California Republicans hoping to be fired up and inspired by U.S. Sen. Rand Paul, the keynote speaker at Saturday’s GOP convention, instead were given a limp, meandering ramble, in which the prospective presidential candidate took recycled shots at President Obama and Hillary Clinton, while largely avoiding anything of substance.
It was weak sauce.
Paul, whose libertarian friends are angry about his increasing willingness to use U.S. force in the Middle East; who has enraged conservatives by falsely linking Sen. John McCain to ISIS members, and who allied himself with pacifist Democratic liberals by voting against Obama’s plan to attack ISIS, said little about foreign affairs. Except to attack Clinton — the most likely Democratic nominee for president — for allegedly spending State Department money frivolously instead of beefing up U.S. facilities in Benghazi before the mission there was attacked.
In what is a certain refrain if he and she both seek the presidency, Paul said of Clinton: “If you can’t defend our embassies and you won’t send the assets there, you preclude yourself from being considered for Commander in Chief.”
He charged that Clinton failed to read critical cables requesting support. “I think she had a 3 a.m. moment. She didn’t answer the phone. And I think it absolutely should preclude her from being considered,” he said to applause.
Picking Winners and Losers Calbuzz had hoped to hear his views on foreign policy, along with key social issues for California voters: a pathway to citizenship for undocumented immigrants, a woman’s right to choose, gay marriage and universal health care. But while Paul made private interview time available to the loathsome Breitbart News and Fox, along with MSM must-dos like the Los Angeles Times and San Francisco Chronicle, he and his callow staff stiffed Calbuzz and, more mysteriously, the Sacramento Bee – and why not? why would a Republican want to reach voters that covers California’s red-tinged Central Valley?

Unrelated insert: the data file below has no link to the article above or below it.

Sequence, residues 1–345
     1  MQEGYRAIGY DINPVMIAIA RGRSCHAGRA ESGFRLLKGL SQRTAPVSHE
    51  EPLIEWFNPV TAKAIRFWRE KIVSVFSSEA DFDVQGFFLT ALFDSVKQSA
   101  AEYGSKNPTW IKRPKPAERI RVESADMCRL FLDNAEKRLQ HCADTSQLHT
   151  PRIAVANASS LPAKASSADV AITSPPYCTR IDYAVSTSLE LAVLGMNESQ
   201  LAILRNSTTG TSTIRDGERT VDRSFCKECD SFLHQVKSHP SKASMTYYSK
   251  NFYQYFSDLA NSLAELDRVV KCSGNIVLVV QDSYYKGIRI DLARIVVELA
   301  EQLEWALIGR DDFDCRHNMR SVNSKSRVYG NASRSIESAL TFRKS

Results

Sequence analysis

Paul paid lip service to building a “bigger, better, bolder party” (wasn’t that an old marketing slogan for Tide?) and “reaching out” beyond the GOP’s reliable base of white men and Southerners. But amid his insistence that the Republicans not change their fundamental message, the only such “reaching out” example he could muster was a brief reference to “let’s expand voter rights,” which received a tepid response from the 373 partisans munching on seared breast of oregano chicken, herb roasted potatoes, chopped salad and berry tart. Now there’s something to reach out for
Imaginary Friends Republicans are excited to the point of delusion about Paul’s appeal to younger voters because his civil libertarian defense of privacy rights in the face of the intelligence establishment’s Big Brotherism has some genuine appeal.”What you say on your cell phone is none of the government’s damn business,” he said at one point, pulling his phone from his pocket.
But when contrasted to his opposition to abortion and gay marriage, it’s a stretch to see how Paul can appeal broadly to younger voters, even if his laconic raspy Southern voice recalls a bit of Bill Clinton.
Calbuzz found it just a bit mind-bending that after a briefing with California Sen. Bob Huff, R-Diamond Bar, in which Huff said “We’re not a lock-step, right-wing, knee-jerk organization” (ouch!) Paul’s introduction was preceded by high-production value campaign video that, among other things, featured props from, among others, Glenn Beck and Sean Hannity.